Air tickets booking: Govt proposes making unique ID mandatory

Best way can be to use Aadhaar, passport or PAN card: Sinha

By: ENS Economic Bureau | New Delhi | Published:June 9, 2017 2:32 am

The government is proposing quoting of a unique identification number such as Aadhaar, PAN or Passport mandatory at the time of booking an air ticket, in a departure from the current practice where an identity card is require only at the time of entering an airport.

Minister of State for Civil Aviation Jayant Sinha on Thursday said the Ministry plans to introduce “digital unique identification” requirement at the time of booking air tickets. Currently, air travellers are required to carry a copy of their identity while entering an airport. “There are various ways of securing that unique identification. Clearly, the best way of doing it is by using Aadhaar and other ways are by using a passport or PAN card,” said Sinha at a press conference on DigiYatra, as per to a PTI report. Providing a unique identity document will enable passengers to avail a paperless and seamless travel experience.

Once a passengers book their tickets, the unique ID, along with PNR, will provide all their information and will also serve as a digital boarding pass. DigiYatra is an initiative to create digital experience at all points of journey by an air traveller. The government has set up a technical committee comprising industry stakeholders which will submit its suggestions in 30 days for implementing the DigiYatra scheme.

These suggestions will be opened for public comments for another 30 days and then translated into a time-bound action plan. Under the initiative, Aadhaar would not be made mandatory but would be an option among other digital identities. “DigiYatra initiative aims to bring together entire industry to develop a digital ecosystem that will deliver Indian customers a seamless, consistent and paperless service experience at every touch point of their journey,” Sinha said.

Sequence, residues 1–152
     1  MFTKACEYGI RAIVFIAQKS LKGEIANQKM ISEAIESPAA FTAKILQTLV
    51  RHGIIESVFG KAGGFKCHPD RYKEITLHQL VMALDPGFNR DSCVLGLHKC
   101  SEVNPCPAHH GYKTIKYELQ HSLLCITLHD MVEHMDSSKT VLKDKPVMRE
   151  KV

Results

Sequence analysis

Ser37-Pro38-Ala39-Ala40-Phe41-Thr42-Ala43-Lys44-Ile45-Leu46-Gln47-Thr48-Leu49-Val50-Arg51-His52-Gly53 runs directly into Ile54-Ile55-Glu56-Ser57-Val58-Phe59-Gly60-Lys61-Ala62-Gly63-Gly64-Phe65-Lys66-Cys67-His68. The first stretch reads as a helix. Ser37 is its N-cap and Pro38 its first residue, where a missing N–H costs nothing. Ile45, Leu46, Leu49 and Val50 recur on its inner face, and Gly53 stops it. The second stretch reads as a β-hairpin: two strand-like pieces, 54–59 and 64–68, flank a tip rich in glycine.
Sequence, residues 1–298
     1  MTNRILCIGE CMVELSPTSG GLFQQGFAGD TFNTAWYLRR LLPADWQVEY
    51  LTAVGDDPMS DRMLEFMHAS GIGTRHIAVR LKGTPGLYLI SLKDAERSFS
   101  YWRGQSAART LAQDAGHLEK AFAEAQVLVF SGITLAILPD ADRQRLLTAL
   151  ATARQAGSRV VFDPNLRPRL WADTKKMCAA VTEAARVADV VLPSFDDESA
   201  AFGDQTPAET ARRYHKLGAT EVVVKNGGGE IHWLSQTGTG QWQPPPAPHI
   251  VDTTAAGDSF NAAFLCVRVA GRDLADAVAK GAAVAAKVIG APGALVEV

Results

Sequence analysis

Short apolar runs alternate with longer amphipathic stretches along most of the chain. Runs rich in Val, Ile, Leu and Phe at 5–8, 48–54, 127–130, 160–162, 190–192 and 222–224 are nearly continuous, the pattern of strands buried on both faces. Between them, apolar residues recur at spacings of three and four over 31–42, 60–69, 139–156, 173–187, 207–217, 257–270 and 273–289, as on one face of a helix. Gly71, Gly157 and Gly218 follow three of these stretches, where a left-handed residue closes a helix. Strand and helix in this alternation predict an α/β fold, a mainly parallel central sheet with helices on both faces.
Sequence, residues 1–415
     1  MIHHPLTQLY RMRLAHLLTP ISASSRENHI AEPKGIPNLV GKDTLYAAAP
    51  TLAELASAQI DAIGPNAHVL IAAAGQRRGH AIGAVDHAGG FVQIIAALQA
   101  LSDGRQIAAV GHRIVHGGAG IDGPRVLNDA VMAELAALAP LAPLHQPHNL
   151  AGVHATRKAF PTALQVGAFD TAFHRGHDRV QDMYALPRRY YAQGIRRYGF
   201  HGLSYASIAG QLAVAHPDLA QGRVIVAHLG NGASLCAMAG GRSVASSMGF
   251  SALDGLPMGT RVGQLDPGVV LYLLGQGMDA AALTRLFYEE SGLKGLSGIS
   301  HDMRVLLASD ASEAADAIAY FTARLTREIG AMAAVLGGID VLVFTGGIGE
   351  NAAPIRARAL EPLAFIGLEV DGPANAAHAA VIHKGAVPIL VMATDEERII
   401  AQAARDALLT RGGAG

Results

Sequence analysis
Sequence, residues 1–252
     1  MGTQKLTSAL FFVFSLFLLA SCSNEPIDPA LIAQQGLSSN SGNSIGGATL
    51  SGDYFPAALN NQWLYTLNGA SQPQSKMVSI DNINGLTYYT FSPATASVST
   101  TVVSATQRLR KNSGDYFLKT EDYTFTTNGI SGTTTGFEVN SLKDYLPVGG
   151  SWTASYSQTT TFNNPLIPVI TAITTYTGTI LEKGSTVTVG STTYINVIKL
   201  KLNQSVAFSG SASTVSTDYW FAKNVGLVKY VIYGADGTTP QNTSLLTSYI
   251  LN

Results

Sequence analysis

All aviation stakeholders – airlines, airport operators, security and immigration agencies, cab operators, retail establishment and others are working to devise digital standards which can enable seamless exchange of data and information, Sinha said. Those who provide biometric identification through Aadhaar will have to do an iris
or finger scan at the airport, while those who share other forms of ID will be provided a QR code on their mobile phones which can then be scanned at the airport.

However, passengers who wish to collect their boarding passes and skip the digital system will still have the option to do so but won’t enjoy the benefit of hassle-free travel. “If you are using the system, to potentially get through the entire airport you will be able to zip through in 10-15 min versus 20-30 minutes. We think that this will create an incentive for people,” Sinha told reporters.

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